Archives For multi ethnic church

What does a multi-ethnic church really look like?

I get asked this question a lot at Crossroads, namely because we teach and vision-cast a lot about our desire to be a multi-ethnic church, which I usually follow-up by saying we still have a long way to go.  We are three and a half years into a 5-year-plan where becoming a multi-ethnic congregation was one of our goals.  Sociologists say that a multi-ethnic congregation can be defined as when the dominant group is not larger than 80% of the total population.  On our best day, if you include our kids and teens (where the majority of our people of color* are), we might barely fit the 80/20 rule — so does this mean we’ve met our goal in becoming a true multi-ethnic church?

*People of Color is the contemporary term used in academic conversations about race in America.  “Non-white” is not a good term because it forces people of color to identify themselves in relation to the standard of whiteness rather than in relation to themselves.  It is not to be confused with the historical racial slur “colored.”

This is where I follow-up by saying we still have a long way to go!  It’s relatively easy to become multi-colored, but this is very different than being truly multi-cultural.  A true multi-ethnic church is probably beyond the reach of most people, which is why you see so few of them and so few real efforts to become one.  So, beyond the 80/20 principle, what does a true multi-ethnic church really look like?

Trust and Safety

I’ll start with this one because if it goes misunderstood, the rest of the identifiers won’t matter (and probably won’t happen).  A person of color needs to be able to lament, emote, pray, and petition the Lord and their church community about the challenges of oppression they face on a daily basis.  They need to be able to do this without being judged or corrected by the white population. Continue Reading…

Pastor Bryan Loritts discusses how to become a multi-ethnic church, as well as the cost and challenges therein.  Noah Filipiak also asks Pastor Bryan for help in navigating the Christian subculture of church planting, pastoring and being an author in a way where we don’t end up measuring ourselves by performance-oriented metrics.

You can listen to Noah’s interview with Bryan Loritts below via the Podbean Player or you can subscribe to all “Behind the Curtain” Ministry Podcast episodes on iTunes

Continue Reading…

If the Old Testament prophets told you that churches in America shouldn’t be segregated along racial lines, would you listen?

If Jesus told you churches in America shouldn’t be segregated along racial lines, would you listen?

For most of my life, this stuff wasn’t even close to being on my radar and I realize for many reading, it isn’t on yours either.  I truly don’t mean to write judgmentally, self-righteousnessly or condemningly.  But I do hope to show biblically that just because something isn’t on our radar as American Christians, doesn’t mean it isn’t on God’s radar–and like King Josiah or even like the reformers of the Protestant Reformation, when God reveals something to us from his word that we hadn’t previously noticed, we need to act on it.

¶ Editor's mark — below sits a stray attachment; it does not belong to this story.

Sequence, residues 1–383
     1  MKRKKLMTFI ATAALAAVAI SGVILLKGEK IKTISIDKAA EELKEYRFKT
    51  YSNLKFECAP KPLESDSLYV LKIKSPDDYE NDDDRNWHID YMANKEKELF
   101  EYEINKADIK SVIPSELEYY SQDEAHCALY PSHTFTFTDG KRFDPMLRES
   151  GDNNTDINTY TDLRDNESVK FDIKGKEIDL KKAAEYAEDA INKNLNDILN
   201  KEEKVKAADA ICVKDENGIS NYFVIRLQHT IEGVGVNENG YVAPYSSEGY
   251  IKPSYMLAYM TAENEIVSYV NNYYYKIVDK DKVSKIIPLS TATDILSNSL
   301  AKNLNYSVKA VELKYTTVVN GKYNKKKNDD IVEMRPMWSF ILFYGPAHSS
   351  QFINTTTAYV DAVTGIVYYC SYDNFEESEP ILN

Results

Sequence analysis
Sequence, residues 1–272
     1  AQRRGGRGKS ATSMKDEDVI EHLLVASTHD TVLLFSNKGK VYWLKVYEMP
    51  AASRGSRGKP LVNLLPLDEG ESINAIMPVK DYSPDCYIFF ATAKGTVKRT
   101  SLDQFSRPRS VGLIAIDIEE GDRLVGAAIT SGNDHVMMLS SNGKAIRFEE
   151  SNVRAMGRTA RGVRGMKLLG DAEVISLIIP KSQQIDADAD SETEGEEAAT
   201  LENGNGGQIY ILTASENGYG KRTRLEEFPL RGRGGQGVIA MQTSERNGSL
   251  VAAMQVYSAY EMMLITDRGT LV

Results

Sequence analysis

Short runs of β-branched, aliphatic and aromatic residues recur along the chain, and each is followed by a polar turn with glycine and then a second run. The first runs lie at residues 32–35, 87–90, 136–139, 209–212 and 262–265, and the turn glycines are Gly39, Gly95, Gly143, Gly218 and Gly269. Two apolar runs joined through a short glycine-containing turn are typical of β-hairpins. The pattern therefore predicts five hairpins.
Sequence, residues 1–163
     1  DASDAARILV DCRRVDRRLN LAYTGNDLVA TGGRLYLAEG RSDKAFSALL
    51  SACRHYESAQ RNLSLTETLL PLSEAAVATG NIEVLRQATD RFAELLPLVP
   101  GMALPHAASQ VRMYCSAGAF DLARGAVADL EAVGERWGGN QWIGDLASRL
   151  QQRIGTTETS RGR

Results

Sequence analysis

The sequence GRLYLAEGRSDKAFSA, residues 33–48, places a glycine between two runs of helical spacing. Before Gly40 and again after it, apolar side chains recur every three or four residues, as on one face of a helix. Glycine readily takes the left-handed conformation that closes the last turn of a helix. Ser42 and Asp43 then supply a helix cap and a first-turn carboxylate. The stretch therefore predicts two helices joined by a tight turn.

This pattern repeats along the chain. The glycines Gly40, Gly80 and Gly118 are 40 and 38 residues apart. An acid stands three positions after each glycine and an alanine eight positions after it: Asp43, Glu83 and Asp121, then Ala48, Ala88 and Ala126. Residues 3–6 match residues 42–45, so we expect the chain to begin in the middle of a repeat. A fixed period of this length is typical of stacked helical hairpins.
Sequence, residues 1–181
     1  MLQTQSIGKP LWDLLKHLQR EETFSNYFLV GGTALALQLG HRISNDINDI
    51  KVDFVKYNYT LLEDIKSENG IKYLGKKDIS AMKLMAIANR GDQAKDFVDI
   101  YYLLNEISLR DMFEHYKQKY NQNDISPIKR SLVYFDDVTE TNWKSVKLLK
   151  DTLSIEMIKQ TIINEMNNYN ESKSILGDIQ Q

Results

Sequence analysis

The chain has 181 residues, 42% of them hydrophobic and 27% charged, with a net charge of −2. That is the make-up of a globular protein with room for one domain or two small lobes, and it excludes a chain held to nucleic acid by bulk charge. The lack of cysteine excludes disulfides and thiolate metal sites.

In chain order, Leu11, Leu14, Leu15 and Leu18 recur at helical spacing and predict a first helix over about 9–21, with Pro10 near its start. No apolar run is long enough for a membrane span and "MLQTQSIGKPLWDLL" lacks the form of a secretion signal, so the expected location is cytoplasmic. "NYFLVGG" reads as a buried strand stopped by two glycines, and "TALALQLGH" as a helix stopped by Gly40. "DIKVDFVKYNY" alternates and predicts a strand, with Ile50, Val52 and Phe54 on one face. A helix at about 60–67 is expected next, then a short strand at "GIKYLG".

Listen to what Jesus says in John 17:20-21: Continue Reading…

I think most of us identify ourselves as non-racist.  Most non-racists are so because racism doesn’t affect them personally.  But just because something isn’t in your yard, doesn’t mean it isn’t all over our land.  All over the yards of the brothers and sisters in Christ we are called to be in community with.

I’d like to challenge you to move from being a non-racist to becoming an anti-racist, for there is a huge difference.

Non-racists sit in the bleachers.  Anti-racists charge against the opponent.

Non-racists wash their hands of racism.  Anti-racists forcibly dismantle racism, blow after bloody blow.

Non-racists think racism will go away.  Anti-racists know racism won’t go anywhere without a fight.

Non-racists don’t think about racism.  Anti-racists study it, analyze it, and figure out how to conquer it.

Jesus was anti-racist, and told us to be also.

The Apostle Paul was anti-racist, and told us to be also.

The New Testament Church was anti-racist in both function and design.

The American Church and modern Christians are meant to be anti-racist.

You may not be racist, but are you anti-racist?

Your church or institution may not be racist, but is it anti-racist?

Racism has reared its ugly head long enough.  Rather than continuing to let it stain our land (even if it’s not staining your yard), join the fight against this evil enemy.  A fight fought in Jesus’ name as reclaim a primary function of the New Testament Church and as we pray Matthew 6:10 together!

I have felt a lot like one of the Old Testament kings recently when it comes to Scripture and the injustices in my land.  I feel like Josiah when the Torah was accidentally found during a repair job at the temple (2 Kings 22).  Generations of doing things a certain way, now confronted with God’s original will and design for his land, what would Josiah do?  What would Josiah’s sons do?  What will I do? Continue Reading…